In gardening, the pursuit of perfection is fruitless; we should embrace nature’s wonkiness

If I have learnt anything in 40 years of writing about horticulture, it's that “perfect” produce is a meaningless ideal that benefits no one. 

Sign Up

Get the New Statesman's Morning Call email.

This spring marks 40 years since I published my first gardening book. Many dozens more followed, together with thousands of articles in newspapers and magazines. Throughout, my purpose has been to encourage others to share my love of, and enthusiasm for, gardens and plants in all their multiplicity of manifestations. Nothing gives me greater satisfaction than when I am approached by someone – commonly many years after the event – who tells me I gave them the inspiration to take up gardening, or that I have imbued them with a love of plants and the wider wild world.

Much of my professional life has been spent communicating with gardeners through the written or spoken word, and always, my guiding principle has been to explain the why, as well as the how. I have never, I hope, preached at gardeners and potential gardeners, never told them what they must do, and in my talks and lectures I have encouraged the audience to ask questions, and told them never to be embarrassed at what they might perceive to be ignorance. For none of us – no gardening expert, no experienced gardener – can ever know everything, and would be foolish ever to claim they did. We all make mistakes, we all ask what may seem to be naive questions, and I have often said the way to learn how to garden is to do it.

[See also: Some look to their calendars for the start of spring – but I see it in a clump of yellow primulas]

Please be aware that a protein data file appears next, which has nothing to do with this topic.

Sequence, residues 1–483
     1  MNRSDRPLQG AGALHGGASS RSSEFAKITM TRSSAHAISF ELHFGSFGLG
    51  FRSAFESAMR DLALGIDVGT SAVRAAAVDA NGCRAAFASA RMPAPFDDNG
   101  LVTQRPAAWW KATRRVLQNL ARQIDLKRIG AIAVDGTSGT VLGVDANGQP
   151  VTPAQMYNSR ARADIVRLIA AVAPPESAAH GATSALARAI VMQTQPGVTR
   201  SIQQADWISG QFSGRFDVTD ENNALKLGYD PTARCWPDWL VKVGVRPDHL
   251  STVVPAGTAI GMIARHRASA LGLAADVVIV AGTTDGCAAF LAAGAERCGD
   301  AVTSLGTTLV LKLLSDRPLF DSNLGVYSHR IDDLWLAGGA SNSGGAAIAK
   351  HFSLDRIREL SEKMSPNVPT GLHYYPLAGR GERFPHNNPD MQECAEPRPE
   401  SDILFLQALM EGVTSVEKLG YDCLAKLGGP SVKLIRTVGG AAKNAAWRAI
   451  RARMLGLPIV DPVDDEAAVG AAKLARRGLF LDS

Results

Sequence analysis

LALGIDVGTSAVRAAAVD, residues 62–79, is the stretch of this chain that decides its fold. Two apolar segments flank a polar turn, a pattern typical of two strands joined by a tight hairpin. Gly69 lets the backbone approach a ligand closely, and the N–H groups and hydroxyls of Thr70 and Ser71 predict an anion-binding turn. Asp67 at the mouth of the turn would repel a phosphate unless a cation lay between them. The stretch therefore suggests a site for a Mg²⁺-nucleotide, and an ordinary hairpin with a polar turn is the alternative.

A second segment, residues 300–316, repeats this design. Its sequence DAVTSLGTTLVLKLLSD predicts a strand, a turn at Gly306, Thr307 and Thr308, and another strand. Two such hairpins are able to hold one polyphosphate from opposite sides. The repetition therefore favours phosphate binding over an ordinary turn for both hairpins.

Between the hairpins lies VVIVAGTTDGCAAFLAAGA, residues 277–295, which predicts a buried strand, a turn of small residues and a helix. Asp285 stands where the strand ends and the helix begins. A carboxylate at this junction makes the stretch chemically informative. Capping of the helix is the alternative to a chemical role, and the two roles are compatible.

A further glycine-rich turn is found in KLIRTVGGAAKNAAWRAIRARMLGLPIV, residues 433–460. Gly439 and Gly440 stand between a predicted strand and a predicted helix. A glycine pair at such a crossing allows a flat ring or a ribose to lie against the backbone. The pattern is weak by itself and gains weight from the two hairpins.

I bristle still when I see books or magazine features telling readers how to “create the perfect lawn”, grow “perfect vegetables” or the “perfect rose”. What is this “perfect lawn” that is dangled so tantalisingly before us in advertisements for fertiliser, weed killer and moss controls?  And what are these apparently beguiling “perfect” vegetables promised to us if we buy this or that company’s seeds, or follow this or that gardening expert’s guidance? I have never really been sure, but it seems to be yet one more facet of what I call cosmetic horticulture, a state of unattainable utopia that can be laid largely at the feet of the modern supermarket. I am old enough to remember when vegetables and fruit (vegetables and fruit, that is, we had not grown ourselves) were delivered to our house by a rustic soul named Jack who toured the village streets with his horse and cart. And my word, how imperfect yet full of flavour they were. As evidence of their freshness, they were generally accompanied by a reasonable helping of fine Derbyshire soil – which cynics might say we paid for, because everything was sold by weight.

[See also: Why a fine “tilth” – though it may be hard to define – is essential for successful seed sowing]

Full marks to Asda, the first supermarket, I believe, to have recognised that the notion of “perfect” produce is a meaningless ideal that benefits no one – growers, retailers or consumers – and begun to sell a range of so-called “wonky” fruit and vegetables. To my mind, it should extend it and sell wonky everything. I feel disappointed if all my kitchen garden produce does not have a degree of wonkiness that confirms its healthy, chemical-free origins.

So this year, as I begin to write book number 64, and this week, as I now complete gardening article number 5,000-and-something, I hope I may continue simultaneously to inspire my readers, encourage them to garden and know that whatever they do in their own gardening lives, there is seldom any action that is rigidly right or wrong. And I certainly ask them to be reassured that no matter what anyone tells them, they will never achieve “perfect” results because, in gardening, such things simply do not, should not, cannot exist. 

Next week: John Burnside on nature

This article appears in the 12 May 2021 issue of the New Statesman, Without total change Labour will die

Free trial CSS